- Anticipated Reciprocity – A user is motivated to contribute to the community in the expectation that he will receive useful help and information in return. Indeed we have seen such active users receiving more help than lurkers.
- Increased recognition – individuals want recognition for their contributions. the desire for prestige is one of the key motivations for individuals’ contributions in an online community. Contributions will likely increase if they are visible to the whole community and are credited to the contributor. … the powerful effects of seemingly trivial markers of recognition (e.g. stars, ranking) are overwhelming.
- Sense of efficacy – Individuals may contribute because the act results in a sense that they have had some effect on the community. Wikipedia is a good example of this.
Yet there are also other elements which can motivate users to become active in online communities:
- Connections within the community – the more friends a user has within a given community, the more important it becomes for him to participate in. Therefore it’s important for online communities to allow users to form friendships easily and encourage a high level of interaction between users.
- Emotional Safety – a sense of belonging and identifying with the community. Once users become regulars in a community, just like in any offline community, they stop feeling fearful and begin to feel a sense of safety in and identification with the community. The key here is to get these individuals to become regular users in your community and create a cozy and ”feel good” environment for them.
- Common emotional connection – niche communities that are built around a particular emotional connection/cause between members tend to become more cohesive and experience lower percentages of participation inequality.
- Altruism – Yossi Vardi coined the term “Dopamine Over IP” – each user transfers dopamine to another user….by contributing content, a user knows that he will cause pleasure to those who view it and those users that forward this content onwards, know the same.
For more reasons why people become active participants in social online communities and the key to Web 2.0’s success, please see my posts:
So now you ask…
What are the ways that online communities can overcome participation inequality and increase users’ participation?
- Make it easy for users to contribute, make them feel confident with their contributions, and share their contributions with other members in the community -> Feeling of influence
- Make participation a side effect. Let users participate with zero effort by making their contributions a side effect of something else they’re doing. For example, Amazon’s “people who bought this book, bought these other books” recommendations are a side effect of people buying books. You don’t have to do anything special to have your book preferences entered into the system.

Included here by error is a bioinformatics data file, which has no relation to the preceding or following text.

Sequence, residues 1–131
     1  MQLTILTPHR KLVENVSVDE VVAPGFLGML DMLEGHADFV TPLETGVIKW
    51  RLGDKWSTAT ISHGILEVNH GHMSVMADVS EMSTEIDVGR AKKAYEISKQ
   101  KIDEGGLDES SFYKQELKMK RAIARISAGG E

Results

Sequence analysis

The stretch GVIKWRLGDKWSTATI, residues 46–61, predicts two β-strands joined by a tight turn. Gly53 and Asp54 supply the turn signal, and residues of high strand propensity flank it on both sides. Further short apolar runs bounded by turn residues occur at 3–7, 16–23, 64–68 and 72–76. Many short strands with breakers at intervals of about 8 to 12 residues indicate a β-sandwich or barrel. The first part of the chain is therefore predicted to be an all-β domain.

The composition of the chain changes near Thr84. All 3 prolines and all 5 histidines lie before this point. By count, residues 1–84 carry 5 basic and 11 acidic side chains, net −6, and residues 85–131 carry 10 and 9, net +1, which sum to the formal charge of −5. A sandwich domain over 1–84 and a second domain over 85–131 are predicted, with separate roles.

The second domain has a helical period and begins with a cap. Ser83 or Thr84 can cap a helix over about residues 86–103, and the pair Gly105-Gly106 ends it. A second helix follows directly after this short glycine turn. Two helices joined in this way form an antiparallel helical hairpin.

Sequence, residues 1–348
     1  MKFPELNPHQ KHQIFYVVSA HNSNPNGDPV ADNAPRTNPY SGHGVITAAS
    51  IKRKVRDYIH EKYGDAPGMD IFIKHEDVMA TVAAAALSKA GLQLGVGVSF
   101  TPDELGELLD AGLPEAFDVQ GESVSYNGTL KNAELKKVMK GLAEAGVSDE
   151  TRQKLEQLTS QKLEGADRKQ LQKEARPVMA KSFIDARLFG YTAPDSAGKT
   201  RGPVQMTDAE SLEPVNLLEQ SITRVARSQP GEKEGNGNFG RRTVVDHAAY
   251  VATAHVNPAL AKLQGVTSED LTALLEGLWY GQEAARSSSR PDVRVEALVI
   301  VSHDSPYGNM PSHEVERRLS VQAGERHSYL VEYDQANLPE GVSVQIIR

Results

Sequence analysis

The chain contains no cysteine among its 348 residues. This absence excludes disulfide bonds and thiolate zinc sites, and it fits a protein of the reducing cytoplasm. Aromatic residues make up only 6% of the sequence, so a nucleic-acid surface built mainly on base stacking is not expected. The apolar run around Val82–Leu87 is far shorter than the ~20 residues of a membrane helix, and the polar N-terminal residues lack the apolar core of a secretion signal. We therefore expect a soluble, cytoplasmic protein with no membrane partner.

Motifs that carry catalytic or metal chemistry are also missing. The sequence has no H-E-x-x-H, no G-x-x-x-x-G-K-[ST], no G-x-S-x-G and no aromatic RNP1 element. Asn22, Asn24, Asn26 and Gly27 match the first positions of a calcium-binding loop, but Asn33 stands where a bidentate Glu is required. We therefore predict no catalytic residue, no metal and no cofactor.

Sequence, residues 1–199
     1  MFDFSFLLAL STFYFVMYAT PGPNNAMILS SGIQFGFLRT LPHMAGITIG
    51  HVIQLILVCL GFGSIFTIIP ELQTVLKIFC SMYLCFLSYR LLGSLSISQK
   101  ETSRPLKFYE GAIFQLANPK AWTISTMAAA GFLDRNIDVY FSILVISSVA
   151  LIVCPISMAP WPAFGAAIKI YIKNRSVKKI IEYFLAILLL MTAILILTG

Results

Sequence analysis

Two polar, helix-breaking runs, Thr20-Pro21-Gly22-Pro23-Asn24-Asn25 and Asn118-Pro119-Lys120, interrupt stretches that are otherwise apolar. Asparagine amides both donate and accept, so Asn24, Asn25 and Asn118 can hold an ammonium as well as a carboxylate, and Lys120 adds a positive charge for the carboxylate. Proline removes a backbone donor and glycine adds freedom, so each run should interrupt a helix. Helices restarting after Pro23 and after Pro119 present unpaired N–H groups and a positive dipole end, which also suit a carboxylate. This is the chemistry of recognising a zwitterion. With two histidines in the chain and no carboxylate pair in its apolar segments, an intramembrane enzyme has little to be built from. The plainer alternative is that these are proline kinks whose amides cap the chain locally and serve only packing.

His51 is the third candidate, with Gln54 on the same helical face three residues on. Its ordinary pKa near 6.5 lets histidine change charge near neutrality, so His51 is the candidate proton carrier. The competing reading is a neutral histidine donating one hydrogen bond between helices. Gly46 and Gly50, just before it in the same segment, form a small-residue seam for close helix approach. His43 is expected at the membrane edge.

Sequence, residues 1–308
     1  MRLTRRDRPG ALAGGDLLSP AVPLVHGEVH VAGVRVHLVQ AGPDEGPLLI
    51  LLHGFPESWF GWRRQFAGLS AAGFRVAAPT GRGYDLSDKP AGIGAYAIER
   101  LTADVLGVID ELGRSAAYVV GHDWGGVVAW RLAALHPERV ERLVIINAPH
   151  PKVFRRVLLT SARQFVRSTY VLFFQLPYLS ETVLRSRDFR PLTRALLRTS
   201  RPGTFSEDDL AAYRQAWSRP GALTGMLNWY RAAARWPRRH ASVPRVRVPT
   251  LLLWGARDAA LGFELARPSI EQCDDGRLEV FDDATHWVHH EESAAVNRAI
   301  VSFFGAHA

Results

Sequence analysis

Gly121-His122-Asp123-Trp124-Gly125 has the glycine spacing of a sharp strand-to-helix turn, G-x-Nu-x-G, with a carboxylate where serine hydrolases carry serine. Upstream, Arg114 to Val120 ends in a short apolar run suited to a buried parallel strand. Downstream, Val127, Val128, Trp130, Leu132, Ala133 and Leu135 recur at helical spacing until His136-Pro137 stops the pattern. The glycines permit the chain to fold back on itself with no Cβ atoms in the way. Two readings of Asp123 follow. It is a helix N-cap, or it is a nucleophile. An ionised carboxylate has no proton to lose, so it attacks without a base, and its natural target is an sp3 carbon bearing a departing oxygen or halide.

- Reward users’ contributions and allow for markers of their contributions. Promote and feature top contributors -> Sense of recognition, sense of community, fulfill anticipated reciprocation
- Platform should be flexible enough to transform with the changing needs of its members -> feeling of influence
- According to virtual community pioneer Jonathan Bishop, online community managers need to also change the beliefs of lurkers on their site in order to increase participation. Lurkers, believe that they do not need to post messages or that they are being helpful by not posting. Such beliefs prevent them from carrying out their desires to be social and participate in the community. Therefore it is up to the community managers to change this attitude by use of persuasive text or by other means.
Allow users to rank each other within the community and comment on contributions -> sense of community, feeling of influence
A few more useful tips for community managers
- Simplicity is key – participating in the community should be simple for the user. The simpler it is, the higher the participation rate will be.
- Allow some actions to be performed by non-registered users.
- Give people something good to talk about – as always, content is king. If your content is interesting and appealing enough, people will be eager to contribute.
- Display the activity on your site. No one likes to go into an empty restaurant. Already on the homepage show users all the great stuff that’s happening within the community.
- Offline events are a great way to make a community even more cohesive and virtually active.